Security: We have done our very best, we’ll keep doing more —Buhari.

The President, Major General Muhammadu Buhari (retd.), has said that his regime has done its best and will continue to do more by pursuing coherent and consistent policies to deal with terrorism.

This is as he urged Nigerians to be fair to his government in assessing the security issue in the country by reflecting on what it obtained when he took over in 2015, and the successes as well as performance which mark a decisive break from the past; particularly in the Northeast and the South-South, adding that the Northwest which had given the nation some “headache” will experience a turnaround for the better.

Buhari spoke on Friday during a visit to the State House, Abuja, by the Grand Khalifa of the Tijjaniyya Islamic Movement World-Wide, Tidjani Ali Bin Arabi.

The President, who said the current regime is well aware of its responsibility regarding security, urged citizens to take responsibility and show interest in their safety and complement what the government is doing.

He said, “We have done our best, and we will continue to do more by pursuing coherent and consistent policies to deal with terrorism. I hope God will listen to our prayers.”

To the Governor of Kano State, Dr Abdullahi Ganduje, who brought the Grand Khalifa to Nigeria, Buhari said, “We thank you for inviting them to come to pray for peace and stability in our country. We are grateful that they agreed to come.”

Ganduje, in introducing the Khalifa and his delegation, which included the Emir of Kano, Aminu Ado Bayero and the leader of the Tijjaniyya Islamic Movement in Nigeria, Sheikh Dahiru Bauchi, said the Kano State government invited the Tijjaniyya World Leader to the country to lead faithful in prayer considering the complexities around security in particular.

He said the visit of the Grand Khalifa had also rekindled the old ties between the Tijjaniya and the many cultural and educational institutions in Nigeria.

The Tijjaniyya leader in the country, Bauchi and the Grand Khalifa, Bin Arabi, extolled the existing cordial relations between Nigeria and Algeria and prayed for guidance and blessings for the country and its leaders.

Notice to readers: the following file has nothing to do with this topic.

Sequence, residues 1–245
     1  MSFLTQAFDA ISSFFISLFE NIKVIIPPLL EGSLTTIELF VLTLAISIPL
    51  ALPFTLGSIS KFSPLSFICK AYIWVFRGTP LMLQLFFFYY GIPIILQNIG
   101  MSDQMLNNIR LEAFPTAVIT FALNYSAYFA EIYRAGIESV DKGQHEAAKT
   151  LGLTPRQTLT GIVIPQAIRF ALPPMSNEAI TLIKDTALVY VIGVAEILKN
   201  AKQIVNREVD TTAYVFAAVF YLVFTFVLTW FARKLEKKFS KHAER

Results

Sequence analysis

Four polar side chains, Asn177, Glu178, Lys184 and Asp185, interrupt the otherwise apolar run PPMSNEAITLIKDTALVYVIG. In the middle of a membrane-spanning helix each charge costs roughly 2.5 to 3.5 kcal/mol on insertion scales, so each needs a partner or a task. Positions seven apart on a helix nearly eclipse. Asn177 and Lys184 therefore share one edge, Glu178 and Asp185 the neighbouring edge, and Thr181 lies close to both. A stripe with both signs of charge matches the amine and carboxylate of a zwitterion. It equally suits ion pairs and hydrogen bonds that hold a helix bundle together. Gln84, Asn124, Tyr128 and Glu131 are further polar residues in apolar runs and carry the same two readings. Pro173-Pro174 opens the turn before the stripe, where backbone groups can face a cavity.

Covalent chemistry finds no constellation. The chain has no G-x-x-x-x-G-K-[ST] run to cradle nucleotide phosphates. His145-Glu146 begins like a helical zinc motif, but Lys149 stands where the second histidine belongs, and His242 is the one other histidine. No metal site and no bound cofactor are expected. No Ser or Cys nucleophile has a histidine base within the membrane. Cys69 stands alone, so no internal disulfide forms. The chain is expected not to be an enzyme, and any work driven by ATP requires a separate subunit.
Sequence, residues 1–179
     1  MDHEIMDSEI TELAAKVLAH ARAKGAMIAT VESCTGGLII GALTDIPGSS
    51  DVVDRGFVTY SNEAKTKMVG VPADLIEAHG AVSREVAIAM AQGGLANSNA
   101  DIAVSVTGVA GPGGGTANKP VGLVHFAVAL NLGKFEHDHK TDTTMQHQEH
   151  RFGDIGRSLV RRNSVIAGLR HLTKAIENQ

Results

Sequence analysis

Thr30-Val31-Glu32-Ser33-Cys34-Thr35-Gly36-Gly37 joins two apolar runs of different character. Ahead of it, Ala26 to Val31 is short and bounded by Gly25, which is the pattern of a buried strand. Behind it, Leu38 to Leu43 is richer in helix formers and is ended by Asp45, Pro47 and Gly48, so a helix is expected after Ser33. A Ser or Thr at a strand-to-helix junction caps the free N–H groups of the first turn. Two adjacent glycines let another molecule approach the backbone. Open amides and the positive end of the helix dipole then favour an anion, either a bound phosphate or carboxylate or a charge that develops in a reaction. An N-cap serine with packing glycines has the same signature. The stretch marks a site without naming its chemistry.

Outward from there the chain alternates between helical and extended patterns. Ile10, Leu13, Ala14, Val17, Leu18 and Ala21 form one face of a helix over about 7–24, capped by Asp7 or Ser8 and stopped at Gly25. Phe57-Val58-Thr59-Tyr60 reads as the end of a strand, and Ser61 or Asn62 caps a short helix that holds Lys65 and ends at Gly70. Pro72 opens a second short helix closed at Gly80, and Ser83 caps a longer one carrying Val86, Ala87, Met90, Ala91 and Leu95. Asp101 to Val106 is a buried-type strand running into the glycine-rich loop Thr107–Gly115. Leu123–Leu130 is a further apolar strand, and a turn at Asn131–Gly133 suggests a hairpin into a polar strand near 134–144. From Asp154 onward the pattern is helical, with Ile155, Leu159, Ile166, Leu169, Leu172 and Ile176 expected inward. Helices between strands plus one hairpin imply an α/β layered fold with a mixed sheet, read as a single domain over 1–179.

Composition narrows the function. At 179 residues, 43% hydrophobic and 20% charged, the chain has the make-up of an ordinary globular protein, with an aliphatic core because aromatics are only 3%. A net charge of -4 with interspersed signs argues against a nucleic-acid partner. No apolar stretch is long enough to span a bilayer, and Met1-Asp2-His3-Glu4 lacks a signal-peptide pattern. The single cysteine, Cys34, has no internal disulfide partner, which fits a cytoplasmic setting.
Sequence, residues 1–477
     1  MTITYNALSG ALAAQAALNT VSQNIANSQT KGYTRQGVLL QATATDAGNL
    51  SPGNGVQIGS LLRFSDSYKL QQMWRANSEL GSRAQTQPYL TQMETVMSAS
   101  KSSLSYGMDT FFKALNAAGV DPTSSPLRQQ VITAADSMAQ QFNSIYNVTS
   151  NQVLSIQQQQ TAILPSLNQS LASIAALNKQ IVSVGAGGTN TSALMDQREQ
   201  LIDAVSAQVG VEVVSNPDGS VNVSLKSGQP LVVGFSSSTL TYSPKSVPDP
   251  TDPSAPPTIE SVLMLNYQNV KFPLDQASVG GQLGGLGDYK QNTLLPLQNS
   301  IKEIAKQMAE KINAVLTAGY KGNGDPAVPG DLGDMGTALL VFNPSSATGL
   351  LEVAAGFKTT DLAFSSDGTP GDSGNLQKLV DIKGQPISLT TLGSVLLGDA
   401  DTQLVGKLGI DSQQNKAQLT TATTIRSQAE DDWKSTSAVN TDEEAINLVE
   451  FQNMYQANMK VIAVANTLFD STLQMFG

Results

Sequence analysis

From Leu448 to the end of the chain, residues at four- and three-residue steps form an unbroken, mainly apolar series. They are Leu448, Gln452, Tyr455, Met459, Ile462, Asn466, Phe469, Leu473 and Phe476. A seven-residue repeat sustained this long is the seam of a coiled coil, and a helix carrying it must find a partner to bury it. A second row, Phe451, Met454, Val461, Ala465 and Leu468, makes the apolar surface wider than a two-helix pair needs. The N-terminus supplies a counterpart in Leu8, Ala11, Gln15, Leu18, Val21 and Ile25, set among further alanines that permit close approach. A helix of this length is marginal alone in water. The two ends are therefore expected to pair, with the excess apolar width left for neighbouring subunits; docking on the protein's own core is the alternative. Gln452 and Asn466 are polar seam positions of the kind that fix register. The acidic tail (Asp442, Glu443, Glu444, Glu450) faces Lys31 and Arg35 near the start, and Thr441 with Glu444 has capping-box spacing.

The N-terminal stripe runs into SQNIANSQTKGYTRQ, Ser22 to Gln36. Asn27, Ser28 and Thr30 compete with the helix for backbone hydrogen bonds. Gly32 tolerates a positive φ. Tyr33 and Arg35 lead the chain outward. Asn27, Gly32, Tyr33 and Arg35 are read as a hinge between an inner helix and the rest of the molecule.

Speaking to State House Correspondents afterwards, Ganduje said the Grand Khalifa’s visit is meant to rekindle the relationship “because Kano is an old civilization, with so many Ulama (Islamic scholars) from Algeria hundreds of years ago, who came to Kano to assist the development of Sharia leadership.

“We invited him and his team to pray for Nigeria for peace, stability and prosperity, and also to pray for peace and stability of Kano state and the whole of Nigeria. We are all aware of the security challenges we’re having, the federal and state governments, we are all doing our best.

“We offered national prayers for the peace and stability of this country. And to round it up, we decided to have a courtesy call with Mr President. They prayed for him and indicated the importance of the relationship between Algeria and Nigeria and their continued cooperation in prayers for peace and stability. That is what brought us to the villa.”

The Governor added that the delegation constituted a committee to consider education, commerce, and agriculture issues.

Asked about any sustainable structures to resolve the Almajiri issue, he said Kano has the highest number of Almajiri children in Nigeria. Ganduje revealed that there are now regulations to prosecute the parents of Almajiris and out-of-school children.

“But let me tell you, we have taken statistics. Most of these Almajiri are not indigenes of Kano State, and as Nigerians, they are free to live anywhere they want in this country. We have introduced free and compulsory primary and secondary education in Kano State. We have built many Islamiya schools. We have reformed the Almajiri system of education.

“We have also embarked on repatriation of Almajiris back to their respective states, some even to the Republic of Niger, Republic of Cameroon. But as you will know, unless there’s universal legislation, preventing the movement of school-aged children from one state to another is a problem that will remain for a long time because Kano is a commercial nerve centre of the Northern part of this country and also some West African countries.

“We have enacted a law; any parent that does not put their child into school will be prosecuted. So, now, we have established a whole agency that is now evacuating the Almajiri to their respective states. And those who are in Kano enjoy the free education facilities. So, that is the effort we are making,” he said.


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